I have hip/back pain, Trochanteric bursitis, and neuropathy. My pain doctor prescribed Lidoderm Patches and Diclofenac. Do those meds work well for these conditions? I just started using them, so I can't really tell yet.
He also wanted me to try physical therapy. Does that work well for bursitis? Or, would it depend on the person?
I had an injection of cortisone and lidocaine, which helped the bursitis tremendously. The other condition you mentioned I am not familiar with......but I assume that between the physical therapy, and the meds you mentioned that you will see some relief in pain over a few days to weeks......give it a try.
Doctors usually have a method of pain relief for such illnesses as ours. My first step was to try physcial therapy and the Lidoderm pain patch. I have to admit that the patch did work for me. Unfortunately I gave up on the physical therapy because I lost focus which is that it gets worse somtimes before it gets better! You have to try the therapy and stick with it to see if you get positive results. I am returning back to physical therapy for DDD and arthritis in my hip and shoulders. Give it a try and remember to keep with it to see if you get good results!
Hi Caeryn, Even given the exact same diagnosis, what works for one person doesn't always work for another. In pain management they also use what's called step therapy. Their are teps every doc takes ruling out one modality or medication after another untill they find what works for you. If your stiff and soar, PT and anyio inflamatories are generally step one even at PM doc who use potent long acting opiates. The docs or clinics need to show they tried these other steps before proceeding down the steps and possibly to narcotic pain medication. If NSAIDs and PT work, it doesn't make sense to whip out the big guns and throw you on long acting morphine or fentanyl patches. So yes those moalities work and are enough for some people or you may find you benefit from one or the other ansd still need to add something to your treatment plan.Perhaps cortozone injections as mentiuoned by anoher, perhaps a medecine to manage pain, They generaly start with things like tramadol or Ultram, and move down the list.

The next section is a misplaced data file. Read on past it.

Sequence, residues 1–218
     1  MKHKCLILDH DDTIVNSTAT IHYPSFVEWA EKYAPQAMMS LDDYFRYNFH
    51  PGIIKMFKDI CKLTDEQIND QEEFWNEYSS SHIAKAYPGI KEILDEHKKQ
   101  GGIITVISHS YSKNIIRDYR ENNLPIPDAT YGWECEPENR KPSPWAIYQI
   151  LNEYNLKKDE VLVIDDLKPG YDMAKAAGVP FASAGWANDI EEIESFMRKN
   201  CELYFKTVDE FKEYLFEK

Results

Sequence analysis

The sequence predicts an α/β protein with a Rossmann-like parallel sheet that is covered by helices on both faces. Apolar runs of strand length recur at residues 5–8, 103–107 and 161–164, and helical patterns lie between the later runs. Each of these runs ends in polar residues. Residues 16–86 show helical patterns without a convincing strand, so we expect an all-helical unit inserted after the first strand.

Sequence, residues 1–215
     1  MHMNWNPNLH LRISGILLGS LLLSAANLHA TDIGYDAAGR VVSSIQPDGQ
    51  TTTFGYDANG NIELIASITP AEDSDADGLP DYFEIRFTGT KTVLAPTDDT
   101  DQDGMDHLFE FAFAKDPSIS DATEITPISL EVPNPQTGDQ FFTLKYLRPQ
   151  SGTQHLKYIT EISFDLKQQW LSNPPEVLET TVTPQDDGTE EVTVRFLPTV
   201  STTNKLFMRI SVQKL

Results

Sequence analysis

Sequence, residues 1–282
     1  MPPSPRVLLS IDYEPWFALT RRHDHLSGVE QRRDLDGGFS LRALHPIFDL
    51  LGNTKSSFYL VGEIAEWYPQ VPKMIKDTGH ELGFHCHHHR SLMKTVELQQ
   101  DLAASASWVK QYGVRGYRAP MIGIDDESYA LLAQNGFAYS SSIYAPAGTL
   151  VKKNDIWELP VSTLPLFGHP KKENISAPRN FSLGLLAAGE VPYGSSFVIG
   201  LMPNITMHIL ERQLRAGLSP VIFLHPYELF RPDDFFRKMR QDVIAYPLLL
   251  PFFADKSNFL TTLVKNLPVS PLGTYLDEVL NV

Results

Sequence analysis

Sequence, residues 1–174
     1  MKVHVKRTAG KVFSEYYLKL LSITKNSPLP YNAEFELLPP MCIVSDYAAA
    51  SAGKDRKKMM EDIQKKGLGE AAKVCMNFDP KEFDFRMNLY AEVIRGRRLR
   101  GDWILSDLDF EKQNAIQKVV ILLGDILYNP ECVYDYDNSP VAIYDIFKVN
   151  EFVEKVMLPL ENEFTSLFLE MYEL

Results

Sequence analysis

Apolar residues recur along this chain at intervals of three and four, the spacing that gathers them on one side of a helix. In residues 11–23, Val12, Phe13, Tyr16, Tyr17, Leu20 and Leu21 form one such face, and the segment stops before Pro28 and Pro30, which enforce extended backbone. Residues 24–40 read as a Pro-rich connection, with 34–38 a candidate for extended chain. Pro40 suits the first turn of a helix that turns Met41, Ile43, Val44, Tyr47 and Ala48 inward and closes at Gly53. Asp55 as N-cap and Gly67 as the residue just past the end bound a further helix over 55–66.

Everyones treatment plan is a bit different but they ,ay also include something to address specific factors in every patient like, inflamation, adressing range of motion, personal activity, pain evels,sleep, etc etc. With any painful condition although activity may be the last thing on your mind, keeping moving is essentuial to continue to keep moving. Health wise in general there isn't anything much worse than being sedentary so even if the PT just gets you up and out of the house and maintains a cetain level of activity, it will likely be something you continue on your own at home or at a gym once the PT finds you have reached max benefit from what he is is offering. Then your released on your own to continue a plan specific for your condition
Good luck, Dave
backhurtz, did you mean you weren't familiar with neuropathy? Neuropathy is nerve damage. My symptoms include pain, numbness, tingling, and burning.
I'm not sure if I want narcotics, unless I can take it as needed. I'm on oxycodone because I had ankle surgery. It is not helping my hip pain or bursitis. I try not take a lot of Diclofenac because of GI upset. My pain doctor did not really mention injections. I see him next month.
I will try the physical therapy. I had it for back and shoulder pain before, which kind of helped. I hope it helps the hip and bursitis.